5.3 Facility influence computing

We evaluate Algorithm 1 for calculating the facility influence. Figure 8 a depicts how taxi count affects the response time of facility influence calculation. In these experiments, we set grid size l=100 and facility count m=300. The calculation only takes 100 ms when the taxi count is close to 10,000. The response time increases very slowly with the increase of taxi count n. This is because the calculation maps location to grid index, which has a constant complexity Θ(1). Figure 8 b shows how facility count affects response time. In these experiments, grid size is l=100 and taxi count n=10,000. Our approach remains very efficient and the response time is under 0.5 s. These results have confirmed that using grid is suitable for calculating facility influence in real time.
Fig. 8

Overhead of calculating facility influence. a Impact of taxi count on overhead of facility influence calculation. b Impact of facility count on overhead of facility influence calculation

We next evaluate the effectiveness of dealing with ambiguous grids. We basically measure the accuracy of associating objects with facility. We consider the ground truth being the closest facility in Euclidean distance. In these experiments, facility count m=300 and taxi count n=10,000. Figure 9 depicts the results using the three methods we proposed: centering (a), sampling (b), and area (c). If grid size is too large, there are large ambiguous grids at the intersection of multiple facilities. The accuracy decreases with the increase of grid size. When the grid length becomes 1000 m, the accuracy of all three methods is unacceptable with the worst case close to 56 %. When the grid size is small (i.e., close to 100 meters), the accuracy of all three methods stays high (i.e., close to 96 %.) Combining the results of grid partition shown in Fig. 7 and Table 2, large grid size indicates low memory usage and low overhead. We suggest to set l between 100 and 500 m according to different surroundings (various facility types). Fig. 9 also depicts the accuracy with different k values, i.e., calculating top k most influential facilities. If k equals facility count m, it basically calculates influence for all facilities. Here, we measure different k values impacting facility influence calculation (total count is 300), including 10, 50, 80, and 100. There is no difference in accuracy regardless of the k value.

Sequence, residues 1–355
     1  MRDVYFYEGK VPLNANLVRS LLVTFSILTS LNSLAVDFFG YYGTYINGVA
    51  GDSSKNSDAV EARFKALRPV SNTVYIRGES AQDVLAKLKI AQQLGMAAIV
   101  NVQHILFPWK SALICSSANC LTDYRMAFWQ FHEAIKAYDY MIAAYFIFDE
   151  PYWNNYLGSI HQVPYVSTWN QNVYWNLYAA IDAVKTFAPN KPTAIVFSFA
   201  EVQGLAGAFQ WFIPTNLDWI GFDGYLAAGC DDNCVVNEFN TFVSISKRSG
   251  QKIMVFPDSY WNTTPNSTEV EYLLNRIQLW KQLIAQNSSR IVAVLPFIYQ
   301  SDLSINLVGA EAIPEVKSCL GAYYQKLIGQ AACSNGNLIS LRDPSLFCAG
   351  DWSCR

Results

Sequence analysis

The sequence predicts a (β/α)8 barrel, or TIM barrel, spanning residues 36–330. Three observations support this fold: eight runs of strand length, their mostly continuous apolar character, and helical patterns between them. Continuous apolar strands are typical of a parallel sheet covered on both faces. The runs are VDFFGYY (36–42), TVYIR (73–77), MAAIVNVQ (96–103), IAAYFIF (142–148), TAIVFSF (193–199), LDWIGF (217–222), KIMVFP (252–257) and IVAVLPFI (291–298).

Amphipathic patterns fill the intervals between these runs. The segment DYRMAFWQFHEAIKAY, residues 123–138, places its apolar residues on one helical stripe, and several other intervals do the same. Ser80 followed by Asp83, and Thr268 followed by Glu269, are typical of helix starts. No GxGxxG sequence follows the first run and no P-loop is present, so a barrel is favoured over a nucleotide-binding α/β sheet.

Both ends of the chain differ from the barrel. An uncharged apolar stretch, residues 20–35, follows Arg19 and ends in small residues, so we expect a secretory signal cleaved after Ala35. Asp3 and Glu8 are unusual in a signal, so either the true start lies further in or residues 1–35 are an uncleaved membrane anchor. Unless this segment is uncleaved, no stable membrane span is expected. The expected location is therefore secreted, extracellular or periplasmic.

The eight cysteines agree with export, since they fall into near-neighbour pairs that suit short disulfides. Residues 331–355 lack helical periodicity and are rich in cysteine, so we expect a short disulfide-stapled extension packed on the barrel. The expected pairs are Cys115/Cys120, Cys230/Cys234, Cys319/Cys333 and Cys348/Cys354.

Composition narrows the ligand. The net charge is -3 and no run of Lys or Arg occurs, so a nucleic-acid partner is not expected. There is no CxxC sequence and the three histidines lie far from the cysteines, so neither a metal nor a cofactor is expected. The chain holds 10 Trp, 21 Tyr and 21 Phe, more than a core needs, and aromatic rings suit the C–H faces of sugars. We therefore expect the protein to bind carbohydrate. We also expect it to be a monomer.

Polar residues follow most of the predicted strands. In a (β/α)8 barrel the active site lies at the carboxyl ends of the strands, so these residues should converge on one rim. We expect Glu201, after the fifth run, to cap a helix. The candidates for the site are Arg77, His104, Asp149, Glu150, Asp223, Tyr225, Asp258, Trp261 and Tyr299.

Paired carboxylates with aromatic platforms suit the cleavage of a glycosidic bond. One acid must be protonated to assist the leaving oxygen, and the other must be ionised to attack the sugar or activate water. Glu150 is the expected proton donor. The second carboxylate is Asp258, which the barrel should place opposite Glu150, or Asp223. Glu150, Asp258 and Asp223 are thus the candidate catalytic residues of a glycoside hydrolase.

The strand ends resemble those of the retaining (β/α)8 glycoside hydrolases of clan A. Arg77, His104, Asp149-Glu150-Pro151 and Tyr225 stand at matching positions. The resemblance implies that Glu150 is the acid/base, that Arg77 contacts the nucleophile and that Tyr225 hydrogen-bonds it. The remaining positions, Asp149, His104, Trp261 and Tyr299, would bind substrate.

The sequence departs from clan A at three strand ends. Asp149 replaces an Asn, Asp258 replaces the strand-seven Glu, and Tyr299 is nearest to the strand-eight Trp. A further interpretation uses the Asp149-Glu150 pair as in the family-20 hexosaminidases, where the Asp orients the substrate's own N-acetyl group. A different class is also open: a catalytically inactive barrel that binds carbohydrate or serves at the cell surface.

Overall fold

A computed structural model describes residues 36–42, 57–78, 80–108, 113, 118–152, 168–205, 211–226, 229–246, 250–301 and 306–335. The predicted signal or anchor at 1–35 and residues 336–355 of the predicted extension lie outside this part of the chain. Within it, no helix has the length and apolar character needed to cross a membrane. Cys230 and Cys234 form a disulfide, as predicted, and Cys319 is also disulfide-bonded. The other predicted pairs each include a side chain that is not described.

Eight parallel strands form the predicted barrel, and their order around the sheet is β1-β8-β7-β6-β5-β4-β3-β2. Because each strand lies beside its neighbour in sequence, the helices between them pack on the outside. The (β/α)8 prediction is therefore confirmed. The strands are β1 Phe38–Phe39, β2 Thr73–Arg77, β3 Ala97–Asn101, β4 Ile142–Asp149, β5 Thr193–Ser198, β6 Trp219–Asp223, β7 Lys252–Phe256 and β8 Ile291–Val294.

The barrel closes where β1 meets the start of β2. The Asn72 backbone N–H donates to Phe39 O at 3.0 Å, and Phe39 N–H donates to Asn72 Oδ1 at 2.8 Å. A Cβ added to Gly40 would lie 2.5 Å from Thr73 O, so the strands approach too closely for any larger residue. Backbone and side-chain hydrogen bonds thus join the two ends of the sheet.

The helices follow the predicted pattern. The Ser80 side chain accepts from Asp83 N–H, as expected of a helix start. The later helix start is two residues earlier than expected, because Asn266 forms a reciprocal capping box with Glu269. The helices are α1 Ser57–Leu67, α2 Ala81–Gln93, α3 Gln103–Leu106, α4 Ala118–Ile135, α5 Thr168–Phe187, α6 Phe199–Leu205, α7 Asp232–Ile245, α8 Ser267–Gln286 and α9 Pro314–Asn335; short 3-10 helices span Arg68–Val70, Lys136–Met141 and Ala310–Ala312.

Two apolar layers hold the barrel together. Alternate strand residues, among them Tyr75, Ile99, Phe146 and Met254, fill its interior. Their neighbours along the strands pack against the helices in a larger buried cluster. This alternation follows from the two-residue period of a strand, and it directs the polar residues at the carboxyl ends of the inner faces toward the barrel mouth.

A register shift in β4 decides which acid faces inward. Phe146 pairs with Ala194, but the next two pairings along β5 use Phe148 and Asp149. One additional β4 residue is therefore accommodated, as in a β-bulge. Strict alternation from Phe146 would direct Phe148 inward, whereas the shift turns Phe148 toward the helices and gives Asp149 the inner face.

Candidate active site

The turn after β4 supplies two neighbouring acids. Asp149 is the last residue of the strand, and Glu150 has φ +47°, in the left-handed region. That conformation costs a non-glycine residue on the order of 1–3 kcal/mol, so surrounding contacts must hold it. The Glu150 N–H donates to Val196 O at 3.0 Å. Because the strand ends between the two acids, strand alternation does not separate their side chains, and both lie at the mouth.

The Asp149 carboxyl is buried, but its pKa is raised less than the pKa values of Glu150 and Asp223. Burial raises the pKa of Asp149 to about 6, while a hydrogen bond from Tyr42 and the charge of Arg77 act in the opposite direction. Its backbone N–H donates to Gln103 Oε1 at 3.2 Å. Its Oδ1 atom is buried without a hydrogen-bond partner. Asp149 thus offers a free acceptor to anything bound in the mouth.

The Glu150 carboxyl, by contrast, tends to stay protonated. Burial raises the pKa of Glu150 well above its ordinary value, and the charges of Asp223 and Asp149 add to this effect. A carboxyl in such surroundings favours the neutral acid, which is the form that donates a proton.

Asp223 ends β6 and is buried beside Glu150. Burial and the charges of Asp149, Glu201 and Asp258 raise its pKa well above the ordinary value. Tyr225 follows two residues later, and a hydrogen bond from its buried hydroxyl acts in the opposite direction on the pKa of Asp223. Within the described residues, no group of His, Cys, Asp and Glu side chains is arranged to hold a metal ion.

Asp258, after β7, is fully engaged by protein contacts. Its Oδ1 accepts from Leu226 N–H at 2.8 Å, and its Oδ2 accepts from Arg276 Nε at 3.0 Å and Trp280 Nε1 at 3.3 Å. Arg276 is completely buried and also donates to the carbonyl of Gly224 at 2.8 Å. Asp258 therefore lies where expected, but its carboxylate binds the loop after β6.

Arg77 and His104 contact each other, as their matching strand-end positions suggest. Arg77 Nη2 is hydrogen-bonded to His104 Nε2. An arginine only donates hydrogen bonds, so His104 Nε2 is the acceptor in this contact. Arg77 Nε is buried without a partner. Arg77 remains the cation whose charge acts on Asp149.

Fig. 9

Accuracy of associating objects with facility. a Centering. b Sampling. c Area

5.4 Prediction accuracy

We firstly evaluate location prediction accuracy of our TMM. Two factors affect the accuracy: the trajectory length and the number of steps taken. Step indicates that the location is transformed from one grid cell to another cell (includes jumping circle). Figure 10 depicts the impact of trajectory length on location prediction accuracy (assume future step is 1). When the trajectory length is long (10 steps in this case), the accuracy is close to 85 %. When the number of historical steps equals 1, the accuracy is below 70 %. This is reasonable since more historical data will lead to higher accuracy in prediction. The cumulative distribution function (CDF), as shown Fig. 10 b, depicts that the accuracy is higher than 80 % on average.
Fig. 10

Prediction accuracy with trajectory length. a Historical step count. b CDF under historical steps

In order to verify the effectiveness of our TMM for future step count, we compare it with the naive MM which is considered as baseline. MM is a common methods in location prediction with normal transition, which directly uses the transition probability of current state to neighbors. The trajectory length used for TMM and MM ranges from 3 to 10.

Figure 11 a depicts impact of future steps on the prediction accuracy. The accuracy of TMM is much higher than MM in every steps, which indicates that historical trajectories can to a large extent dominate future locations. Figure 11 b shows the CDF of prediction accuracy of the two models: for 80 % of the time, the prediction accuracy in TMM is lower than 80 %. While the prediction accuracy in MM is lower than 40 %, which is significantly lower than TMM.
Fig. 11

Prediction accuracy with future step count. a Future step count. b CDF under future steps

For the trajectory length, we suggest to use a longer one so that the prediction accuracy is higher. For large future step count, the prediction accuracy seems low from our experiments. However, it does not affect the facility influence prediction. This is because when the taxi is moving within the scope of a facility, prediction error in future location cannot cause the error in facility influence prediction. The error in influence prediction only occurs when the taxi moves from the scope of one facility to another, which case error occasionally occurs in future step prediction.

We next evaluate the effectiveness of predicting facility influence. We set the parameters l=500,m=500,n=30,000; the historical steps is bigger than 4 and we only consider the situation in 5 future steps. The ground-truth of our test uses nearest distance to calculate the facility influence. We use the sampling method to deal with ambiguous grids. Figure 12 a depicts the accuracy of dealing with ambiguous grids and also future influence prediction. We can see that our facility influence prediction accuracy is close to the accuracy of location prediction, i.e., above 80 % in all k values tested. Our facility influence calculation accuracy has better accuracy than prediction by nearly more than 10 %, and this difference is caused by the error in future location prediction. Figure 12 b shows the CDF of facility influence prediction accuracy. Our solution has achieved an acceptable accuracy for predicting facility influence.
Fig. 12

Accuracy of facility influence prediction. a Accuracy of prediction and computing. b CDF under prediction

We observe that although location prediction can introduce uncertainty which then affects the final influence prediction, as long as the predicted grid is not far away from the real location and they have the same nearest facility, this uncertainty has weak impact on influence prediction.